For a few years now, China has been building a library of documents that define standards for traceability, but no dates have appeared in any of them (see “China Adds Traceability Requirement To CFDA Drug Quality Management Specification”, “China Posts New Draft Pharma Serialization Guidelines”, “China: NMPA Drug Traceability Guidance”, “China Commits To The Digital Future In Healthcare, Including Pharma Traceability” and “China Inches Closer To Another Pharma Serialization Mandate”). In a new posting on their website yesterday, the China National Medical Products Administration (NMPA) provided a notice of aggressive deadlines for vaccine traceability. Let’s take a look at it because a vaccine traceability mandate is probably a herald of a near-term future pharmaceutical traceability mandate.Continue reading China Sets Aggressive Date for Vaccine Traceability
Last week, the Japan Diet, the bicameral legislature, enacted a bill that amends the Pharmaceuticals and Medical Devices (PMD) Law there. From the limited information I have seen from GS1 Healthcare and from online articles I found through Google, it appears that one of the many things the new bill does is add a new barcoding mandate. Previously, barcoding of medicines and medical devices in Japan was only recommended.Continue reading Japan Moves To Mandate Barcodes For Drug Traceability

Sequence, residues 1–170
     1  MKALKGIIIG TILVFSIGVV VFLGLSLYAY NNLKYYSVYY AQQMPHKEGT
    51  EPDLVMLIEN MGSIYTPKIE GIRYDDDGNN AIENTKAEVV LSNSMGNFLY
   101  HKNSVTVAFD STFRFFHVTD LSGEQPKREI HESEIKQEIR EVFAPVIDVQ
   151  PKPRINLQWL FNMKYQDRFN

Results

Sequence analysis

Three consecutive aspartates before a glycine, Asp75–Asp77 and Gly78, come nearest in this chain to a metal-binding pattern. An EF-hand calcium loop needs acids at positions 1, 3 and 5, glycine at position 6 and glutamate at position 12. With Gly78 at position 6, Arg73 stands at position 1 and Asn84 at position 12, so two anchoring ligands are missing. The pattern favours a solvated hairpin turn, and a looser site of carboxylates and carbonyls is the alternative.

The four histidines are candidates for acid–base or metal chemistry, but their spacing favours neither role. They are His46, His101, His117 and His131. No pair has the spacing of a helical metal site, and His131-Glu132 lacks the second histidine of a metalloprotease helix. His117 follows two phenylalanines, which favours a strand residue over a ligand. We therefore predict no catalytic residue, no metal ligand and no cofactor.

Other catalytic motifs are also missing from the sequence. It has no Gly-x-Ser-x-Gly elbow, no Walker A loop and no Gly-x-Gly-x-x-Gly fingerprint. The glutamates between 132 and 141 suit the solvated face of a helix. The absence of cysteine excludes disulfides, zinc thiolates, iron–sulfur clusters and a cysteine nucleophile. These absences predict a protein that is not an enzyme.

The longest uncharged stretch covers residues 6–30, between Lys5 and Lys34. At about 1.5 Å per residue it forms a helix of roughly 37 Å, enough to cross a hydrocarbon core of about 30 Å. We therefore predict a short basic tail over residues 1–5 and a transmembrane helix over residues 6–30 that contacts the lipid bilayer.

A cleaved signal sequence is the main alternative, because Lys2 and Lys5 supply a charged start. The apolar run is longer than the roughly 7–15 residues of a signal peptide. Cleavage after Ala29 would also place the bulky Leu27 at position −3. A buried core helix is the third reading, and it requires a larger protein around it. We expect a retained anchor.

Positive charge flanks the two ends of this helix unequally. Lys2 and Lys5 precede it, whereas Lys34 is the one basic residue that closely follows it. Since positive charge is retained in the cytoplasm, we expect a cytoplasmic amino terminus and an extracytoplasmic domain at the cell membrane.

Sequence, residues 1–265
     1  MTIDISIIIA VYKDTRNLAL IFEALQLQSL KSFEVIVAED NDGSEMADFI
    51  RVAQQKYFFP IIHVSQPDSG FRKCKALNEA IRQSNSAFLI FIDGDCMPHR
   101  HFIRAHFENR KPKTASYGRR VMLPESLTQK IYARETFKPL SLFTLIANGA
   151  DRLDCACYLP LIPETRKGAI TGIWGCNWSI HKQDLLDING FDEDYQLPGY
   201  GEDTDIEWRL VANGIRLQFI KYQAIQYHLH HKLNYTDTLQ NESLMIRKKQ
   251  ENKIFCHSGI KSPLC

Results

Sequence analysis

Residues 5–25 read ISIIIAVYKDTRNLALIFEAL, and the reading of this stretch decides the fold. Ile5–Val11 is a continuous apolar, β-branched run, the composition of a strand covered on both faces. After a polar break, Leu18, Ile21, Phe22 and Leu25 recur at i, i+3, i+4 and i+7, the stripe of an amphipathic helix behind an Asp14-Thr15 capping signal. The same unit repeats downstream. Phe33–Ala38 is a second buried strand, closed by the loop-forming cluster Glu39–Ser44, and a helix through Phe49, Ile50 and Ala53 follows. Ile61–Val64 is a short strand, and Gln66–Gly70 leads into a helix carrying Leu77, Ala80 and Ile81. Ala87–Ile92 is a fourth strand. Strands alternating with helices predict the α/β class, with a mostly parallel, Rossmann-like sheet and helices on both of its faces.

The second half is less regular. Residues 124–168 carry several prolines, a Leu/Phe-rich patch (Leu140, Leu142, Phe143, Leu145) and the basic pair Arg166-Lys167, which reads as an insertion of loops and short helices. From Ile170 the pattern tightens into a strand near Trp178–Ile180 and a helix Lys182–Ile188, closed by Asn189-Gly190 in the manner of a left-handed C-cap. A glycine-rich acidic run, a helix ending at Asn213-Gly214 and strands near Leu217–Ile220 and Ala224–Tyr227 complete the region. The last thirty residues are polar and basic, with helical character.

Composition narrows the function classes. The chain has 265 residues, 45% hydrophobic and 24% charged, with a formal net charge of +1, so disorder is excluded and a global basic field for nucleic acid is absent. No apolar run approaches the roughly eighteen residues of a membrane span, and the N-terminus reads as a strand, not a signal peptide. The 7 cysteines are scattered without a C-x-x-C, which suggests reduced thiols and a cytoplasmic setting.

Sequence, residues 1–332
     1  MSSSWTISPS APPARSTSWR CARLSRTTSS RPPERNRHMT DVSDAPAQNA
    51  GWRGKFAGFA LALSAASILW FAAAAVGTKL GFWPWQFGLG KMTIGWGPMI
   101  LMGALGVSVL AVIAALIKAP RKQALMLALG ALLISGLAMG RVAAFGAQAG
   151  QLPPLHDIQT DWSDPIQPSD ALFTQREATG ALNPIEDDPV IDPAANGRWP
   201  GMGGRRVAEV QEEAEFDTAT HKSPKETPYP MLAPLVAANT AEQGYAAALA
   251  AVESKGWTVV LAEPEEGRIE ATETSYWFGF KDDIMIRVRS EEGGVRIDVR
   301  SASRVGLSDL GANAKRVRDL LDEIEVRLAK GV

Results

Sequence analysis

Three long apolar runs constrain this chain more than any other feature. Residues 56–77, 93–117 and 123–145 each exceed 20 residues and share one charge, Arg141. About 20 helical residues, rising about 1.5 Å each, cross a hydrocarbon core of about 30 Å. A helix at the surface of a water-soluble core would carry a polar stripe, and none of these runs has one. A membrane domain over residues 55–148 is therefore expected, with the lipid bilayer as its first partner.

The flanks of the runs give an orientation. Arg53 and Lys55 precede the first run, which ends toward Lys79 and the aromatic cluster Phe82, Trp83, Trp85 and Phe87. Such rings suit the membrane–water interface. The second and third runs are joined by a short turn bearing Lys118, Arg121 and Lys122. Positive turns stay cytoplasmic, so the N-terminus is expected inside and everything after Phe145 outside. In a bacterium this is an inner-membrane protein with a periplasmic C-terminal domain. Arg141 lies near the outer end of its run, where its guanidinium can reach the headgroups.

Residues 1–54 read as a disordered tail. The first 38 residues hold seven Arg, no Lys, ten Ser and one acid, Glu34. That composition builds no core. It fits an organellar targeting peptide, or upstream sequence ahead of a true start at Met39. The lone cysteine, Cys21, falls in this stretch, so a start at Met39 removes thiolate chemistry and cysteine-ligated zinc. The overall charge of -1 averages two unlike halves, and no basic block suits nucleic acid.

Some members of the US pharmaceutical supply chain are not waiting for the FDA to make the next move (see “DSCSA: Will 2020 Be FDA’s Year To Leap Forward?”). Instead, they are proactively organizing and setting the standards that will most likely be used to meet the requirements of the Enhanced Drug Distribution Security (EDDS) phase of the Drug Supply Chain Security Act (DSCSA), which goes into effect on November 27, 2023. Forward motion has been made over the last month on two fronts: The DSCSA governance organization and the Verification Router Service (VRS).Continue reading DSCSA: Industry Moves Forward
If you do business in Brazil then you know that everything is published there in Portuguese, including ANVISA’s documents. It is necessary to translate everything unless you can read Portuguese. I can’t, so whenever something comes out I have to do a quick translation to get an idea of how significant it is. Last week, ANVISA published two new documents related to their future pharma serialization and traceability mandate. They are important, because they relate directly to the schedule and some of the requirements of Brazil’s pharma serialization and traceability mandate.Continue reading Brazil Moves to Formalize A Phased Rollout, Starting Next October
When it comes to the Drug Supply Chain Security Act (DSCSA), the FDA seems to alternate between hibernating, and leaping forward. 2017 through mid-2018 was a leap forward period with the publication of 8 draft or final guidance documents and 3 public meetings. Then in 2019, hibernation. Yes, FDA’s list of DSCSA guidance and policy documents has two entries for 2019 so far, but one is simply a notice reopening the comment period on the DSCSA Pilots request for information that was originally opened in 2016 and 2017. The other is the compliance policy that provides one year of enforcement discretion for the 2019 wholesaler saleable returns requirement (see “No Surprise: DSCSA Verification Delay”). Neither were very taxing on the FDA to prepare. What should the FDA do next? What should they be doing right now?Continue reading DSCSA: Will 2020 Be FDA’s Year To Leap Forward?